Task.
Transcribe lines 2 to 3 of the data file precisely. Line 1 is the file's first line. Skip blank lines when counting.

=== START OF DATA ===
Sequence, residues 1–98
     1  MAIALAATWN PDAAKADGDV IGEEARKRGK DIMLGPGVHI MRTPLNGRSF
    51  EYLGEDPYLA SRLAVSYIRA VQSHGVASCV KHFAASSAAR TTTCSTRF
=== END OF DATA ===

     1  MAIALAATWN PDAAKADGDV IGEEARKRGK DIMLGPGVHI MRTPLNGRSF
    51  EYLGEDPYLA SRLAVSYIRA VQSHGVASCV KHFAASSAAR TTTCSTRF